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Cylindrica Beets

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Red Lasota and Purple Viking Potato

There is some spinach and snow peas, probably the last for a while. More are planted for later but I think a break is fine.  We have another round of radishes coming in.  There is also a small bundle of herbs including French Tarragon and Italian Flat Leaf Parsley.  The parsley could go well with the potatoes – Purple Viking and Red LaSota.

The beans are really starting to come in.  Velour is this weeks variety. Purple beans are always wonderful to eat – great sweet taste, fun hyper-color change in the water from purple to green, and they are PURPLE! But the difficulty comes in growing.  They are often less productive, short, and scabby.  But not this year.  It has been a very good year for beans and these are the longest, most beautiful purple beans I have had ever.  While steamed beans are great, perhaps pairing them with the shallots would be pleasing.  Ina Garten always has top notch recipes, String Beans with Shallots is no exception.

Optionally there are tart cherries to pick from.  Typical sweet cherries are not real hardy

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Sour Cherries

for Minnesota, but tart pie cherries sure are.  This variety is Bali.  Maybe it was the spring, maybe the honeybees housed on the property, but we had a tremendous crop of cherries.  They are best when cooked and sweetened up a bit.  We made this Yeasted Sour Cherry Coffee Cake. It was pretty good. and doesn’t require a huge amount like many recipes.

Rounding out the box is a small helping of raspberries.  Enjoy!

CSA2015 Week 4. Gaining Weight

While most are not really excited about gaining weight, when the box gains weight I am delighted!.  That means we are moving on from the season of leaves to things a bit more substantial.  Today’s CSA share has some familiar faces…Onions, Lettuce,Arugula, Garlic Scapes Golden & Chioggia Beets, Sugar Snap Peas and Snow Peas.  The box also contains a few newcomers including Potatoes, Green Beans,  Kale and Cabbage.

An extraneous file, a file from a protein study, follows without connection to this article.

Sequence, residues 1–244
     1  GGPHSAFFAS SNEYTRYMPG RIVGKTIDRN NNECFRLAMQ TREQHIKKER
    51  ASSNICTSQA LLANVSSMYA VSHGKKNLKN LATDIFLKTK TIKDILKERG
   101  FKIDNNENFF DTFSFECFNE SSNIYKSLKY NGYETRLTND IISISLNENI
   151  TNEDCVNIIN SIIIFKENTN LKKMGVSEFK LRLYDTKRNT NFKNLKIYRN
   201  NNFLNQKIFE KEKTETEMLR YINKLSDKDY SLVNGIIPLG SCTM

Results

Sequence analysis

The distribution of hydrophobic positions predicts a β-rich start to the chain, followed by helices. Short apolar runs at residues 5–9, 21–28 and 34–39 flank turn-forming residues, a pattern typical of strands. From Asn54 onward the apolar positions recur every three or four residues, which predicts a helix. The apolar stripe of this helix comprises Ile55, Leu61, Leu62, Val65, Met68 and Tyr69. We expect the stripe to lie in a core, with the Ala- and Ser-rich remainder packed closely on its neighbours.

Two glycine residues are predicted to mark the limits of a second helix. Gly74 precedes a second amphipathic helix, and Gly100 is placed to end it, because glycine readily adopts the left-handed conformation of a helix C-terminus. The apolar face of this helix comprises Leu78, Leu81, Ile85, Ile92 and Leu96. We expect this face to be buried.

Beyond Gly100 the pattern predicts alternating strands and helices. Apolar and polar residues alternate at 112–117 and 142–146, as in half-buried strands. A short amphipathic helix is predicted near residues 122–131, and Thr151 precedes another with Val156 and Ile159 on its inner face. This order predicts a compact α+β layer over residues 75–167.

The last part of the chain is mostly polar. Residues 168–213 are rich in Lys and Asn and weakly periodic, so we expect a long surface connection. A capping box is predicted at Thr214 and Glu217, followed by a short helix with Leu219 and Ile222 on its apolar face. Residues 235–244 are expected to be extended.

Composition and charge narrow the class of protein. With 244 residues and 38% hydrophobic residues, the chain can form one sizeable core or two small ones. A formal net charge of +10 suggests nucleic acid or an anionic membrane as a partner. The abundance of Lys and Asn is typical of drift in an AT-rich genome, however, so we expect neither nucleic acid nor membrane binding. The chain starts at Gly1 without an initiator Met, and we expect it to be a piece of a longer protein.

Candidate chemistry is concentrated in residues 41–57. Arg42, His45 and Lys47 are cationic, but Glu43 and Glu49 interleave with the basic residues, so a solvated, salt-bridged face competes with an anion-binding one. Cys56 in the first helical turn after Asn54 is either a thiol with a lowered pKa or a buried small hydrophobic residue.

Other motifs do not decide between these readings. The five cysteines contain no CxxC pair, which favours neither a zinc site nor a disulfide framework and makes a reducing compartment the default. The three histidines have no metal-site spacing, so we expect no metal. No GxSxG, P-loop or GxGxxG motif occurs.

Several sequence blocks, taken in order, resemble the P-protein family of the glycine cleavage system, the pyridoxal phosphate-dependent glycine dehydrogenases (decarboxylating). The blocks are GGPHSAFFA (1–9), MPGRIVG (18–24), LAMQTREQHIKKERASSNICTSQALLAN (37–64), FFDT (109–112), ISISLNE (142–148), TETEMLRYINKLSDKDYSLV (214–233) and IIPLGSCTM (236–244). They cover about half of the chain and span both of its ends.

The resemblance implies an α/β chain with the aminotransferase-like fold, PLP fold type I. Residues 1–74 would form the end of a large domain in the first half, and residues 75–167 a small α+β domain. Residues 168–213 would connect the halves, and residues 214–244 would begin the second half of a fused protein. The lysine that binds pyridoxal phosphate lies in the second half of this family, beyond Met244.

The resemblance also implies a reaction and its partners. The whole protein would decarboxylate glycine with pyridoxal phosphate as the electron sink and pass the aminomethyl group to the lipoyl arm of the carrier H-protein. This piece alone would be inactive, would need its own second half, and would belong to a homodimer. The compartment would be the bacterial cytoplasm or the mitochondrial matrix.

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As you head out to prepare for the 4th of July, hopefully amidst hot dogs and s’mores you can find some interesting ways to use up this weeks box.  Cabbage is great in slaw, but really sweetens up when cooked or braised a bit.  It can be wrapped in foil with butter and grilled, boiled on the stove or attempt this great oven roasted version with bacon.

You were provided with a pretty generous bag of Sugar Snap Peas with this box.  Of course eating them raw is always a treat. But steaming or sauteing them also really brings out the sweetness. You may notice a few pods have white splotches, that is thanks inpart to the brief hail we had earlier in the week.  It doesn’t hut them in the long haul; it is just cosmetic.

The lettuce has moved on from leaves to full blown heads.  Speckled Trout is the variety of choice this week.   It was not really washed as that extra water held in the heads only shortens the shelf life so it will need to be washed well before using.

I am glad for these long days this time of the year as it helps in getting all the various chores done.  We have been butchering chickens, hatching new layers, prepping goats for show, baling hay, planting some later crops and weeding, weeding weeding.  Luckily we have not needed to water much.Bellini Mora 20154

The melons and cucumbers are making vines and flowering well.  Late cabbage is forming nice heads and we are near the time to harvest the garlic!

Hopefully this weekend I will find some quiet time to dive into the three new reads I picked up.  The Grafter’s Handbook is all about grafting which I might actually save fore winter reading.  I am hoping the Art of Natural Cheesemaking by David Asher spawns some creative ways to use some excess goat milk and maybe I will pick up a new trick or two from Will Bonsail’s Essential Guide to Radical, Self-Reliant Gardening.

I hope you enjoy this weeks share and Happy 4th of July!

CSA2015 -Week 3, Brought to You by the Letter ‘P’

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When you buy seeds, almost all are labeled with a number of days till you can expect to harvest.  This is helpful in planning a succession of crops throughout the growing season.  What is doesn’t always take into consideration is the difference in weather.  Sometimes the weather speeds things up, sometimes it slows it down.  Sometimes crops planted 2 weeks apart still are ready for harvest the same time as seeds may sit in the soil due to insufficient moisture or get a slow start due to cold temperature.

Such is the cases with peas.  While they were planned to be more spread out(15 days according to the packet and planting date) they were all ready the same time.  So this week the share had Swiss Giant Snow Peas.  These flat, edible pod peas are best sauteed or stir fried.  The Cascadia peas are a marvelous shelling pea with nice long pods and the short podded, fat, Sugarsnap peas are great anyway you try them – raw, stir fried, steamed, chopped on a salad.  This is one of the best pea crops ever for me so expect them again.

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Also included are lettuce, garlic scapes, Napa cabbage, onions, beets, dill, spinach and little bin of strawberries.

As we look to week 4 I think I am going to get after some potatoes, Finish off some spinach for a while and maybe there will be some sort of berry in production.  We will see.

Enjoy the Fantastic Weather!